April 29, 2006


I stopped living the “road warrior” life in 2000. In my time as a road warrior, I have witnessed passengers in the midst of a psychotic episode being subdued by the crew as the person tried to open the door in flight. I’ve missed other flights that have crashed, killing other co-workers, but nothing has effected me like the story of United 93. To me, it is not an abstract story of other peoples suffering. It is the sense of guilt that comes from the surviving of it all that eats at my soul.

United Flight 93 claimed the lives of several of my company’s employees. They were people just like me, who were doing business one day and returning home the next, doing by air what most people do with the crosstown bus. But for a small change in my career decisions and personal desires during the preceding 12 months before 9/11/01; one of the September 11th flights might very well have been a flight that, I too, would have been on and most certainly would have died like all the others. I cannot look at any pictures from that day without thinking, “it could’ve been me on that plane”. Its very unsettling to see your potential death scene replayed over and over.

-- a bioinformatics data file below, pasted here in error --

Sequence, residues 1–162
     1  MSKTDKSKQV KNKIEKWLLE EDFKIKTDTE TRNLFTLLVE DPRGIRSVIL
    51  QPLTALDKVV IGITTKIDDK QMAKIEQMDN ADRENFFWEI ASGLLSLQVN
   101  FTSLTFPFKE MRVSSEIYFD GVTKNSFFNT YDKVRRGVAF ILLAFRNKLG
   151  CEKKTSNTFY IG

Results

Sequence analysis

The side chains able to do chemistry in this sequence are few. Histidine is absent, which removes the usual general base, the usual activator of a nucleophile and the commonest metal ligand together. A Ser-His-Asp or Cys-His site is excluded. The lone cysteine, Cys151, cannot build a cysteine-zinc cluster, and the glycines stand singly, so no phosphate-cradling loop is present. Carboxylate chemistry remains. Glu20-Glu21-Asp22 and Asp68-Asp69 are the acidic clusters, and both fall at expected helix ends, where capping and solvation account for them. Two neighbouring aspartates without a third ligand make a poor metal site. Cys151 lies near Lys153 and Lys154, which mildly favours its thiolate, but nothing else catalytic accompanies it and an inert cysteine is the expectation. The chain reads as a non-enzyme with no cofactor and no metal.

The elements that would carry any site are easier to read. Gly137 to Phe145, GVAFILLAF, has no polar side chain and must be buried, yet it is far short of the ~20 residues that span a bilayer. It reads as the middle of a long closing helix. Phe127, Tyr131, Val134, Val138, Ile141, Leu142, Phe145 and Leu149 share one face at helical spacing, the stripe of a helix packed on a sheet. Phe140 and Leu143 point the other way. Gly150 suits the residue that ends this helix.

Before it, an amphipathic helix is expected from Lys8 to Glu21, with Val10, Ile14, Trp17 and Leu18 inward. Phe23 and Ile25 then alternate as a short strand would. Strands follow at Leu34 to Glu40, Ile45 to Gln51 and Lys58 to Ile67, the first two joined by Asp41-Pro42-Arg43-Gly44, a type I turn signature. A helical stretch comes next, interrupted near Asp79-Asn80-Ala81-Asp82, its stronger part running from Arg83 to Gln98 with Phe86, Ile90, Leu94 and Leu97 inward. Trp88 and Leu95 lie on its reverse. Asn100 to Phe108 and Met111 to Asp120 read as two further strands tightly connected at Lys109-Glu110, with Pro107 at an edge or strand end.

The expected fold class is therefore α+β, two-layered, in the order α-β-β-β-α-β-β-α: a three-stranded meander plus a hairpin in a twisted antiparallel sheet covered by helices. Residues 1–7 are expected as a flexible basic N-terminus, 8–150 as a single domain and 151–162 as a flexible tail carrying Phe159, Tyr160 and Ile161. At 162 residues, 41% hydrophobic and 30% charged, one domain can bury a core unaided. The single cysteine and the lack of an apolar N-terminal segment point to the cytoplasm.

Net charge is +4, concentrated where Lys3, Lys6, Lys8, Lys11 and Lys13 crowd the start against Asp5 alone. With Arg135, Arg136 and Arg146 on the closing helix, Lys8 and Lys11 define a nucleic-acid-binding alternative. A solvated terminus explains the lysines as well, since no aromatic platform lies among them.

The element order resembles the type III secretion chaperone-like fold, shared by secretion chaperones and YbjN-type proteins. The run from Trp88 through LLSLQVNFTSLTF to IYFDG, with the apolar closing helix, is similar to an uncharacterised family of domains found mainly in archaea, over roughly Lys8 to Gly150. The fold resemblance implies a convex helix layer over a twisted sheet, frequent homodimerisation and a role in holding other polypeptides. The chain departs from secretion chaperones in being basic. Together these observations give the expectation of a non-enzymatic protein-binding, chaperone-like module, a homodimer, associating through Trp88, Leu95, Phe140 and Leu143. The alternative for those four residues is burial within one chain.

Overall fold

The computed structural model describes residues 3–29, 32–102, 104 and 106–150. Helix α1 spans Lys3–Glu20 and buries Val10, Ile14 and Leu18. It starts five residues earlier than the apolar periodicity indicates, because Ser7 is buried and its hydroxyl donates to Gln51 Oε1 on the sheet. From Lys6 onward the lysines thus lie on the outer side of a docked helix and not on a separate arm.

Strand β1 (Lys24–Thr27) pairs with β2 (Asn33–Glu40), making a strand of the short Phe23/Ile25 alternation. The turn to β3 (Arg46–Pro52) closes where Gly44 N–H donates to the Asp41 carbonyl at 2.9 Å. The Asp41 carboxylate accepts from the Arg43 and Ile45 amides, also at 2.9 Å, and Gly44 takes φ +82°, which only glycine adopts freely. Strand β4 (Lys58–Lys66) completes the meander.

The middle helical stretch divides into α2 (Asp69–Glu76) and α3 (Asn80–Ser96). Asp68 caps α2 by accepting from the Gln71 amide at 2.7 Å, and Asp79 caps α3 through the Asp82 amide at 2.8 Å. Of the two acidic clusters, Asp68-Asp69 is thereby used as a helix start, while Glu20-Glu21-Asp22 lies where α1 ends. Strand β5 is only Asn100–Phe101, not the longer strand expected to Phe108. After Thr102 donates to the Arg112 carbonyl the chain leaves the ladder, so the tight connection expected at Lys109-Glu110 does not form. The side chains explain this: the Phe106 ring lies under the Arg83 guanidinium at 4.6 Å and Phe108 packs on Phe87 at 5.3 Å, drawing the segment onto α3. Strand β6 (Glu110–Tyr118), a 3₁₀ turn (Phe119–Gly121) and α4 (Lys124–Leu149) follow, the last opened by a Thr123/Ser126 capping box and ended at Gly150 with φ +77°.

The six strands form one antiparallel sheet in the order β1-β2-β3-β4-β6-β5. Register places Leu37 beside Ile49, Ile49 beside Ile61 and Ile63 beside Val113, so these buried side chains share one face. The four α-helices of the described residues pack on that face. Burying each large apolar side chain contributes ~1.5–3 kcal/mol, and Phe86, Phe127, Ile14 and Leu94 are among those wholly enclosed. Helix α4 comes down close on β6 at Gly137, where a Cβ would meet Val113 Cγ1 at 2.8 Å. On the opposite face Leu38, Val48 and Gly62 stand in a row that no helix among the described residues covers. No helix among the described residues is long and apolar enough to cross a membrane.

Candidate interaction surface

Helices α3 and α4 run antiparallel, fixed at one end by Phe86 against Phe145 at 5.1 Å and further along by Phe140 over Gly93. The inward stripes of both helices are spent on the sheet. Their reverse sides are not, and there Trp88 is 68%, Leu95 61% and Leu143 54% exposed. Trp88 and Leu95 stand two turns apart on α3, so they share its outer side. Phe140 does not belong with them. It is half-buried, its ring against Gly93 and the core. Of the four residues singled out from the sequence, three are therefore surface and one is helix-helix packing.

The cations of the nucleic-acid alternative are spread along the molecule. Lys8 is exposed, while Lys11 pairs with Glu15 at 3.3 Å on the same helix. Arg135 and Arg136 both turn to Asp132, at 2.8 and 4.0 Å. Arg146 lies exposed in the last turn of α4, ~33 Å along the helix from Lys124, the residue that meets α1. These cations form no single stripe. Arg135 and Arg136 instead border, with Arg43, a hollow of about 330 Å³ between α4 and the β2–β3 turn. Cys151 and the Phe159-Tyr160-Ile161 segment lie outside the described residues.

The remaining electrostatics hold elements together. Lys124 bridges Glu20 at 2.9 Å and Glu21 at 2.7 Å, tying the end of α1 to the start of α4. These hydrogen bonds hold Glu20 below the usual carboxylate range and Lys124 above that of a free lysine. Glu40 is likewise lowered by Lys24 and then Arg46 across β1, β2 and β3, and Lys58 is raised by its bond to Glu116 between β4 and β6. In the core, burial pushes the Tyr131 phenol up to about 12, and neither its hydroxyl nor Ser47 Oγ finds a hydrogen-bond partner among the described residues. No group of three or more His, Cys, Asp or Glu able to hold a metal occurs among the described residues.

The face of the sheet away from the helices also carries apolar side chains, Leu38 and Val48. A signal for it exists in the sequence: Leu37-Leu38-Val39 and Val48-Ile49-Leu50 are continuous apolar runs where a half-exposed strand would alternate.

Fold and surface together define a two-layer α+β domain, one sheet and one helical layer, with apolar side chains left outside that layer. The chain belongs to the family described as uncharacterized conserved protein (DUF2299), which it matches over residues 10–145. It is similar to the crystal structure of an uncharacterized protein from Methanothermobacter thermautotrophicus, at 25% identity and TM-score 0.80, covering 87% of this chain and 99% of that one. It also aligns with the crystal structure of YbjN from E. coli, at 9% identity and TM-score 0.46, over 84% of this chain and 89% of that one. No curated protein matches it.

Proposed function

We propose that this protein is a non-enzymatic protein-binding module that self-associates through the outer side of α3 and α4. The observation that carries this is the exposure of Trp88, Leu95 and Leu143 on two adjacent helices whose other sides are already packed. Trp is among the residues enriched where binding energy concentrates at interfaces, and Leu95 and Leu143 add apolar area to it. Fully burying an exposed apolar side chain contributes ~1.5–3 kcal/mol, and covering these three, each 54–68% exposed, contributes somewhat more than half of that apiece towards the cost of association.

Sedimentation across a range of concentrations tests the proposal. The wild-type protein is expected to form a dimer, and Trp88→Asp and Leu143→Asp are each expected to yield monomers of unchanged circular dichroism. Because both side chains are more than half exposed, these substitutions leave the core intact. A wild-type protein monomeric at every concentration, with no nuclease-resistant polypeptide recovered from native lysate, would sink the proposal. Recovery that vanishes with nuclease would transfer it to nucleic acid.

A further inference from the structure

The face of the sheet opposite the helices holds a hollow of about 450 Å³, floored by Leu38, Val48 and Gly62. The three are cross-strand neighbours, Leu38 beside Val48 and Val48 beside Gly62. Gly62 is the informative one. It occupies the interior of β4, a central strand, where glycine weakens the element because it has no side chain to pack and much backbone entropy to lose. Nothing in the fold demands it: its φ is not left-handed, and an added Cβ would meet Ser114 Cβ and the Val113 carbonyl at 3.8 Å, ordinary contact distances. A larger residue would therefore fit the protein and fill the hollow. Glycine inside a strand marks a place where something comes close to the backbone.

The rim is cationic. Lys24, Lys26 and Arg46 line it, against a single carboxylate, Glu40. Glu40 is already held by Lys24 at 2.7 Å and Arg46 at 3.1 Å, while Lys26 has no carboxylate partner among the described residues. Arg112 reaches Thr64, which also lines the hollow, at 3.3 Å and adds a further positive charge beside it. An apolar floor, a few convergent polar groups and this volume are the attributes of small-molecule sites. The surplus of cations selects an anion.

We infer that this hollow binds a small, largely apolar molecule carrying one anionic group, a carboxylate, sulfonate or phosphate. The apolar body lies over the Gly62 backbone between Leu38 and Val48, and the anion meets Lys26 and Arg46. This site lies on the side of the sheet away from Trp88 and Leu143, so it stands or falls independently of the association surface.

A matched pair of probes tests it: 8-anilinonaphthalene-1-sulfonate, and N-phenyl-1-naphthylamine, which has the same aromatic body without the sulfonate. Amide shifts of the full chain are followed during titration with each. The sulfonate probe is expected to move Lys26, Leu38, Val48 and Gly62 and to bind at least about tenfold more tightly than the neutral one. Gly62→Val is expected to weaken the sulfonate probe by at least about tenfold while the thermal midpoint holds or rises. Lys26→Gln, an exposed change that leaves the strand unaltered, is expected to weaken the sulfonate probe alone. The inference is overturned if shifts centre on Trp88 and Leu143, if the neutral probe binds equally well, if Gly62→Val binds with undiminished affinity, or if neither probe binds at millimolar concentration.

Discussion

I once missed a flight that a co-worker had managed to catch, on which he was later killed. Yes, that event bothers me too, but September 11th is something else altogether. . . .

I do not know yet if I can go into a theater this weekend and watch a movie like United 93, but I do know that whether I choose at this point to see the movie or not, I will be buying a ticket to ensure that the legacy of that story is given the respect that it deserves by popular culture.

Read the whole thing. The audience reviews sound a similar note — see especially Mark Whittington’s review.

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